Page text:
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2.4 percent more for school districts

Governor Kim Reynolds signs funding package for fiscal year 2022

DES MOINES– School administrators and boards of education have a degree of certainty as they put together their budgets for the next fiscal year (FY). Gov. Kim Reynolds signed an education funding package on Tuesday, Feb. 23, which sets a 2.4 percent increase over last year’s amount of state supplemental aid for the state’s 327 school districts. The state’s school aid funding formula provides dollars to districts and Area Education Agencies (AEAs) by combining state aid with property tax revenue on a per-student basis.
Per-student funding will increase from $7,048 to $7,227.
For the Clear Creek Amana (CCA) Community School District, Superintendent Tim Kuehl said the district receives $1,452,624, which is a combination of a $179 increase per student based on current enrollment, as well as 135 new students.
“We are fortunate to be one of a smaller than normal group of districts that saw our certified enrollment grow this year,” Kuehl said.
It is the opposite for the Iowa City Community School District (ICCSD). The district saw a reduction of nearly 288 students due primarily to COVID-19 concerns, Superintendent Matt Degner said. As a result, the ICCSD will only have one percent growth, or $1,027,000 in the regular program component of its budget, as determined by Iowa law, he said. “The overall district budget will increase by less than one percent for the next fiscal year subject to funding provided through the federal CARES Act legislation.”
The CARES Act appropriated money for school districts to address additional costs associated with responding to the COVID-19 pandemic, used for personal protective equipment, cleansers and sanitizers and computer hardware for online education. The legislature also approved additional funds for schools, which returned fulltime to onsite instruction.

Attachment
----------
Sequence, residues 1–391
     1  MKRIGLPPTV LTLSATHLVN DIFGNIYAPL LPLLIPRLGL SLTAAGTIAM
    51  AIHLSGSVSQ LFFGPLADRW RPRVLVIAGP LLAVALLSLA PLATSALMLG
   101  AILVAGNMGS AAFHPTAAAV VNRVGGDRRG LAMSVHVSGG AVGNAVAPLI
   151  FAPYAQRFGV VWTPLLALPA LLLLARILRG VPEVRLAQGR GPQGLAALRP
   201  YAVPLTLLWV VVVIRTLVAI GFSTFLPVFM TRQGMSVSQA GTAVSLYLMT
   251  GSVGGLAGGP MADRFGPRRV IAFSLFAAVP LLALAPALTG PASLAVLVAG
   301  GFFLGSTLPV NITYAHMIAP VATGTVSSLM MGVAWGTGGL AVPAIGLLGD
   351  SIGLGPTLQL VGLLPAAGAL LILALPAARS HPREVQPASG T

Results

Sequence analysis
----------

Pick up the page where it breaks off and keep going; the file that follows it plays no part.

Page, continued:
Kuehl, on Wednesday, Feb. 24 was wading through the legislation to see how CCA would be affected.
“I know our having been hybrid (50 percent onsite/50 percent online) at the high school eliminates us from the full amount,” he said.
Matt Leeman, Assistant Superintendent for CCA was also attempting to decipher the legalese and funding formulas, but said, “I don’t know that we have the clarity yet being that we were on-site for K-8 since the start of the (school) year and hybrid for the high school until Feb. 16.”
Gov. Reynolds issued a proclamation requiring all schools to offer a 100 percent onsite option starting on Monday, Feb. 15. However, extreme weather led CCA, and many other districts, to use the 15th as a virtual learning day in lieu of a snow day.
“How I read HF 532 (the legislation in question) is that we would get 50 percent credit for our days,” Leeman added.
In a statement, Reynolds said, “I am proud to once again sign legislation into law that supports our strong public education system in the state of Iowa. Our children are our greatest asset and we have to do everything we can to set them up for success. Our record of increasing school funding year-over-year shows our commitment to Iowa's public schools."
The percentage varies from year to year and was 2.6 percent in 2019, but dipped to 2.3 percent in 2020. Typically, some school districts begin to craft their budgets with a conservative assumption of a 0 percent or 1 percent increase, and then adjust once the amount is set.
In the Iowa Senate, the bill passed along party lines with 31 in favor and 18 opposed. Democratic Senators Kevin Kinney, Joe Bolkcom and Zach Wahls voted against the measure. In the Iowa House the vote, again along party lines, was 56 yeas and 36 nays with Republican Bobby Kaufmann in favor and Democrat Mary Mascher opposed. Democrats Dave Jacoby and Amy Nielsen were shown as absent/not voting.
Wahls (Senate Minority Leader) and Representative Todd Prichard (Charles City, House Minority Leader) penned an op-ed piece, running in the Feb. 25 edition of the Solon Economist and North Liberty Leader newspapers, excoriating the approved amount and calling for more education funding.
Wahls and Prichard cited the latest Annual Survey of School System Finance stating Iowa “now spends less money per-pupil than most of our neighboring states.” The pair also stated public school funding failed to keep up with a rising cost of living four out of the past five years, and 137 districts will see less funding than in 2021, prompting higher local property taxes.
“This is unacceptable,” they wrote.
School districts in Iowa are required by law to certify budgets by April 15.